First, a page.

The University of Alberta’s Inside Job

Jay Spark, vice provost and associate vice president of human resources on developing internal leaders through its game-changing Gold College program

In 2013, a physician in the University of Alberta’s Faculty of Medicine and Dentistry wanted to implement electronic health records but wasn’t sure how to launch the system in an academic setting. Another doctor hoped to improve patient experience in his hospital’s heart program. Both eventually discovered a unique leadership and professional development program that helped get both projects off the ground.

The program, known as Gold College, is the University of Alberta’s signature leadership program for academic staff. Jay Spark, vice provost and associate vice president of human resources, says the program was created to help faculty develop processes and skills needed to become successful university leaders. The values-based, experiential program includes 10 learning modules totaling more than 90 hours and lasts an entire academic year. “It’s hands on,” Spark explains. “We invite each participant to design a project they can take back and apply in their own faculty or department.”

Spark started his HR career about 35 years ago and joined the University of Alberta in 2010. Upon making the move, he realized that leadership often takes on a different look in the world of academia. “People who lead in academic settings often find themselves thrust into leadership positions without previous experience or preparation. It’s different from the corporate world, and we recognized that we could do more to develop and empower our people to become successful leaders,” he says. With 18 faculties and 75 departments, the University has more than 100 people in leadership roles.

While traditional leadership-development programs attract individuals who participate in short workshops, Spark’s team wanted to create something more significant. “We wanted to give our leaders a chance to develop a customized approach to leadership that fits their own values and will succeed in their unique work environment,” he says. They worked to create the year-long intensive program that resonates with analytical and driven intellectual minds.

In early sessions, Gold College facilitators coach participants in understanding how their values drive their leadership behavior. They administer assessment tools and guide each person to discover his or her own values in their personal and professional lives. “You become a better leader if you are true to your own values in leadership,” says Spark. Modules include building effective teams, managing human resources, financial planning, coaching, leading change, and conflict management.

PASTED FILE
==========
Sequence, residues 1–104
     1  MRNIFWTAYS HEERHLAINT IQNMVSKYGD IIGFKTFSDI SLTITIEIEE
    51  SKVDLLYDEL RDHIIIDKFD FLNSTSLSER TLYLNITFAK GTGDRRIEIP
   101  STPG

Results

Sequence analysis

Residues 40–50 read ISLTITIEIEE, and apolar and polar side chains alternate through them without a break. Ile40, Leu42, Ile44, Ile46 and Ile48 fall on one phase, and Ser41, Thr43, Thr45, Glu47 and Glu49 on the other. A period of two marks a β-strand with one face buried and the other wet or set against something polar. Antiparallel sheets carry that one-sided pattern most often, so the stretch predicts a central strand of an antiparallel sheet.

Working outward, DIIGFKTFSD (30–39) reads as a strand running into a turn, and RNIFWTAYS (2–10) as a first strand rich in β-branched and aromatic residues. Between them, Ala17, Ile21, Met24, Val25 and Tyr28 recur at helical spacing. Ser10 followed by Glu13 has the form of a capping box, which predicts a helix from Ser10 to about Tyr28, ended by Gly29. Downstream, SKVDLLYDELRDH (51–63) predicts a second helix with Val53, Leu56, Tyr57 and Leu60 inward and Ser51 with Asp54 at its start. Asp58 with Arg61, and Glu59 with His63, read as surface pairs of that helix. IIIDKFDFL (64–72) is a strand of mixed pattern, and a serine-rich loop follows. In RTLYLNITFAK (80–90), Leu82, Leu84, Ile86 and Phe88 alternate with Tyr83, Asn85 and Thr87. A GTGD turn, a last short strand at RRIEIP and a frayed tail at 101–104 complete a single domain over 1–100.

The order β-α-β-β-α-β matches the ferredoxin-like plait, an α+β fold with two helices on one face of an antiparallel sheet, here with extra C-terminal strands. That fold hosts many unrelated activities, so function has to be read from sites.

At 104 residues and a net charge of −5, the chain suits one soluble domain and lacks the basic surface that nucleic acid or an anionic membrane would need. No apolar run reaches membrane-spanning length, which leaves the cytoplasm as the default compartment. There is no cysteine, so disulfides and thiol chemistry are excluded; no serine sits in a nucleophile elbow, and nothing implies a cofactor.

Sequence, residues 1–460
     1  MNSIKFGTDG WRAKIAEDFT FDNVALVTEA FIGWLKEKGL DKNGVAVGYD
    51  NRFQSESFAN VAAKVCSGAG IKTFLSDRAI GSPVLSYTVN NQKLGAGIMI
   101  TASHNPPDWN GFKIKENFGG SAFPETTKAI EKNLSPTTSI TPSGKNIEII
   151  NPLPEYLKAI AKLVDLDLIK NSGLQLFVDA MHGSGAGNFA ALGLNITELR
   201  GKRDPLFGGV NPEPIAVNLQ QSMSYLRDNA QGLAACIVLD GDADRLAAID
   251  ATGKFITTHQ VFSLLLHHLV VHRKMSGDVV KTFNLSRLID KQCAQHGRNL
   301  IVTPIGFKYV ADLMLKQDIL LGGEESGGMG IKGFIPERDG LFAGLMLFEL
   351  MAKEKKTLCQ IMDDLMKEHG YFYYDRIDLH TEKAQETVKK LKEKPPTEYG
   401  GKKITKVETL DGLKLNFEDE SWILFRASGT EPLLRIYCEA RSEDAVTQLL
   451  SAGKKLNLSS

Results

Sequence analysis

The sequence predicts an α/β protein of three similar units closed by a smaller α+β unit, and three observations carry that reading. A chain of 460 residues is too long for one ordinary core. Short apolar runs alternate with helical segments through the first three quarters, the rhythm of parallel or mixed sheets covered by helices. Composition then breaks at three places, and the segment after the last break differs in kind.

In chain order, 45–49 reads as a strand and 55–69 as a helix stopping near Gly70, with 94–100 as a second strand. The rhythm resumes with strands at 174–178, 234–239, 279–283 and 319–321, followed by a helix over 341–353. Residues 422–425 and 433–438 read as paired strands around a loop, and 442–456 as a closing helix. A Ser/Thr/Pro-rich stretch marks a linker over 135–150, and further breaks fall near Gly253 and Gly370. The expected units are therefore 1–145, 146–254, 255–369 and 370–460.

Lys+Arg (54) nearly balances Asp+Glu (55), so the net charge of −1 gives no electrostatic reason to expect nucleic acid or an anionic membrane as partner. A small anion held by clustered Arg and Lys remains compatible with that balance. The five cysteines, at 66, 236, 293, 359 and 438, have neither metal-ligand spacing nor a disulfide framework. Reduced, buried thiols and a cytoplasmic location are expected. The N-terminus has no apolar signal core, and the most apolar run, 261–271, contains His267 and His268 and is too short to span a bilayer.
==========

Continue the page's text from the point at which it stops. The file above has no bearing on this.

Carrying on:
Gold College’s creators designed the sequential learning program around the three areas of “self, teams, and systems.” Highlighted outcomes include:

  1. Creating a personal leadership narrative to inspire and engage others
  2. Leveraging personal values to align behaviours
  3. Honouring personality preferences and generational differences to maximize performance
  4. Aligning organizational priorities through strategic planning
  5. Employing facilitative practices to engage people
  6. Creating conditions for innovation
  7. Evaluating and enhancing leadership strengths based on 360-degree feedback

 

As most publically funded colleges and universities in North America find it increasingly difficult to provide excellent programs with limited resources, programs like Gold College become critical. “We need leaders who inspire and motivate peers and students to do more with limited resources,” Spark says. “Universities often recruit talented external leaders who don’t understand academic culture. We should be putting the same effort into developing our own leaders.”

To find those leaders, Spark and other University of Alberta HR professionals work with deans to identify rising stars who take on service and leadership roles or excel in collaborative spaces. Then they recruit those individuals into Gold College while asking previous graduates to refer others. Each faculty and department leader completes an assessment of the program so Spark and others can make adjustments to improve each module. Spark says early feedback has been overwhelmingly positive. A recent participant said Gold College “changed me as a leader and as a person.” Other nearby institutions have inquired about sending their leaders through the curriculum. After three years with 24 participants in each learning cohort the Provost’s office agreed to support up to 73 Gold College participants in 2016.

As the program gains momentum, Spark is pivoting to address associated change management issues. With an additional 73 people coming out of Gold College in the spring of 2016, his teams will shift into overdrive to help those faculty members implement their projects. As they do, each University of Alberta faculty, department, and student will reap the rewards.